executed as reverse stock splits as mergers, because the requirement of board action that seems
to distinguish mergers from tender offers is met, and because the Chancery Court has subjected
reverse stock splits to fairness review in other (non-freezeout) contexts.29 The findings reported
in this Part remain unchanged if I exclude reverse stock splits from the analysis.
To assess the outcome of each transaction, I calculate the premium implied in the controller’s
first offer and (for successful deals) the premium implied in the controller’s final offer, over the
average trading price of the target stock for 30 days and 60 days prior to deal announcement. I
use two different time windows in order to minimize the effect of any run-up in the target stock
price before the deal announcement.30 I define the controller’s first offer as the first formal offer
that the controller makes to the target board. This offer is sometimes disclosed publicly at the
time it is made, through a press release and 8-K filing by the target company, though more often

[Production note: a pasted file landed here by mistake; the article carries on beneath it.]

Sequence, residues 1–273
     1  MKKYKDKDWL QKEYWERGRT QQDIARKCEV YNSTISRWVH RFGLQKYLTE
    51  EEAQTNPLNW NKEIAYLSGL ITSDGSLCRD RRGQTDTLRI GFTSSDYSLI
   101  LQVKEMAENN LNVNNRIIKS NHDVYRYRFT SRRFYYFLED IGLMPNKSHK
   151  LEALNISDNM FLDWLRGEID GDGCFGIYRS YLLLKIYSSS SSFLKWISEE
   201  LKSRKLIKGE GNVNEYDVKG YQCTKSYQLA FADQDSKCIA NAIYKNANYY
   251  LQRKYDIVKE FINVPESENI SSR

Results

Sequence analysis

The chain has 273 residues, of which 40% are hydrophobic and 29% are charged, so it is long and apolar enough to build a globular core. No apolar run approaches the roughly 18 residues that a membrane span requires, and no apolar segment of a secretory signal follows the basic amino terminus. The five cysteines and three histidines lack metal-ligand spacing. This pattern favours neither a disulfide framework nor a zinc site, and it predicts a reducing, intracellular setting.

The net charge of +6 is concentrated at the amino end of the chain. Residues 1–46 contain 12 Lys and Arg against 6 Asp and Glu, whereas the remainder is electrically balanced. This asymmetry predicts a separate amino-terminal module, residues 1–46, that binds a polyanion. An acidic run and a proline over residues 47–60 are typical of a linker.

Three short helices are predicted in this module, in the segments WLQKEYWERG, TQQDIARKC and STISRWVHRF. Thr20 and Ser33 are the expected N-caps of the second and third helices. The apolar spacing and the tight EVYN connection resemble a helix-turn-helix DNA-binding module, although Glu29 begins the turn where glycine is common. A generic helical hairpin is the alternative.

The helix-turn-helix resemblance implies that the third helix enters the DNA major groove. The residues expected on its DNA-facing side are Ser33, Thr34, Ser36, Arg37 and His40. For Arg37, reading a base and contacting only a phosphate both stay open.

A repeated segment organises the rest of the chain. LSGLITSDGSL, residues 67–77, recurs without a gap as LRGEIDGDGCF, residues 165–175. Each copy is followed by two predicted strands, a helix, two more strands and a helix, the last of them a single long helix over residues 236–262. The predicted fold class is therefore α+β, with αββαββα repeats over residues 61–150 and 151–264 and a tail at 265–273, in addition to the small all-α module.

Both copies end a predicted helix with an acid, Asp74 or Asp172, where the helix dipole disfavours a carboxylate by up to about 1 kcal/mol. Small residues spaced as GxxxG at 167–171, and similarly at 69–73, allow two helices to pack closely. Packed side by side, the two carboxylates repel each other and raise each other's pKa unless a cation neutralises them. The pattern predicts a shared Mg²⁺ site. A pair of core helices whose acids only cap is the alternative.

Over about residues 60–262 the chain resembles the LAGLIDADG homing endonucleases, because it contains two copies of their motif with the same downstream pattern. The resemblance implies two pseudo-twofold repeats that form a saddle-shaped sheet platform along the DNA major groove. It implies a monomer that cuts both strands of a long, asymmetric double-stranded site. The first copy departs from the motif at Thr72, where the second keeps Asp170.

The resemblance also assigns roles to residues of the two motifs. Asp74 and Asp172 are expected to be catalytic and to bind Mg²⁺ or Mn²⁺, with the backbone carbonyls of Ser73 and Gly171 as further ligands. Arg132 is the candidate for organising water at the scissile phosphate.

it is disclosed after the transaction is announced in the company’s Schedule 14A filing. In five
transactions the controller proposed a price range as its first offer;31 in these cases I use the
midpoint of the range as the first offer. Interestingly, in no case did the SC make the first offer,
although in some transactions there were substantial discussions between the controller and the
SC before the controller made its offer.
committee.”); In re Emerging Communications Inc. Shareholders Litigation, C.A. No. 16415 (Del. Ch. May 3, 2004) (freeze-out merger structured as two-step tender offer subject to entire fairness review).
29 30 Applebaum v. Avaya, 805 A.2d 209 (Del. Ch. 2002). Interestingly, and in contrast to the arms-length deal context, the pre-announcement average target abnormal returns are not statistically different from zero in my freeze-outs sample, both for merger freeze-outs and tender offer freeze-outs. This finding is consistent with the intuition among practitioners that the number of advisors in freeze-outs is relatively small compared to the number of advisors in arms-length deals – most obviously, until the announcement of the deal only one side to the transaction (the controller) has even engaged legal and financial advisors. As a result deal leakage is relatively minimal, and the problem of pre-deal stock price run-up seems to be small.
31 See, e.g., RDO Equipment Press Release (Dec. 16, 2002) (“Mr. Offutt [the controller] stated in his letter that he has not yet finally decided the offering price he is willing to pay for the Company shares he does not own. However, he has indicated that he is currently considering an offer in a range of $5.22 to $5.66 per share.”).